Built for success: a first-year survival guide for small businesses

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Launching your own business can be an exciting prospect. But the road to success is filled with many roadblocks. According to Statistics Canada, 20% of small businesses fail within their first year, and only 72% of all new launches are still operating after two years. Here’s how not to become an ugly statistic.

Sober second thought

Before you invest too much time and effort in launching a new business, you should get some feedback on how viable the idea is.

“Once you have your great idea, you need to a do a bit of vetting with some trusted advisors for sober second thought,” says Shelley Swanlund, vice-president, Business Banking and head of Small Business Banking with CIBC. These could include your accountant or financial advisor, and other small business owners. There are also a number of government and non-profit agencies that provide advice to new business owners who can connect you with mentors and advisors. The Business Development Bank of Canada (BDC) is a great starting point (bdc.ca).


Plan for the future

In order to survive your first year in business, one of the most important things you need to do is to develop a thorough business plan. This is a multi-page document where you analyze every aspect of your business, including:

* A description of what the business is

* Who your customers and suppliers will be

* A market analysis of the competition and opportunities for growth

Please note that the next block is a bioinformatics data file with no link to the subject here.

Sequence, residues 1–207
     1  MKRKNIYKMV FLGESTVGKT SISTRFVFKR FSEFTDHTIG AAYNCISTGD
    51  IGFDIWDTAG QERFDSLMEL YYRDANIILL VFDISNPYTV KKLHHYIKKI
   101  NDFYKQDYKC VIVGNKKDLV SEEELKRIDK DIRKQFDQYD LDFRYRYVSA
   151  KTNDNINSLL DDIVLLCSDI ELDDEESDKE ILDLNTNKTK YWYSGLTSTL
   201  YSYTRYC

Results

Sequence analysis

* Details on any competitive advantage you have

* A marketing plan

* Where the business will be located and any equipment you’ll require

* How you will find–and retain–staff

There are shelves full of books at your library and bookstores on how to create a business plan, and you should read at least a couple of them. You can also find numerous sample plans and templates online, including ones on the BDC’s website.

Money matters

Cash flow, or lack thereof, is one of the biggest challenges facing small businesses. As a new business, your suppliers will want to be paid as early as possible (and penalize you for delayed payments), while there will likely be a lag in revenue coming in. Having access to money is extremely important.

For many, that means using their personal savings. Next on the list is asking friends and family for start-up loans. But, ultimately, you’ll likely need to tap into a larger pool, either in the form of a business loan or line of credit.

Your financial institution will take a close look at your business plan for all lending, whether it be for operating purposes such as cash flow or for investing in real assets for your business. You’ll likely need to have some collateral to back up any loans. According to Industry Canada, in 2011, about 65% of small businesses were required to provide collateral, either business or personal assets, to secure loans.


Stay on track

“Set milestones for your first month, first quarter, etc., and track and measure them,” says Swanlund. “If you’re not tracking your milestones, you could go along thinking things are going fine when they’re not.”

Of course, not every business will turn a profit in its first year in operation. But if that’s going to be the case for you, you need to know that in advance. The type of business you’re running will be a big factor. Retail operations often face large upfront costs buying a franchise, and it can take time to build up a loyal client base. But if your low capital, online-only business is facing a negative cash flow month after month, there may be a fundamental flaw with the operation.

If you aren’t hitting your goals, Swanlund suggests circling back to your pool of advisors for suggestions on where the problems may lie, and how to overcome them.

“It takes a lot of courage and ability to commit to starting a business,” says Swanlund. “The first year is very much about adjustment.” If you’re able to deal with the unexpected, by planning ahead for it, you’ll be well poised to survive your first year and many successful ones beyond that.

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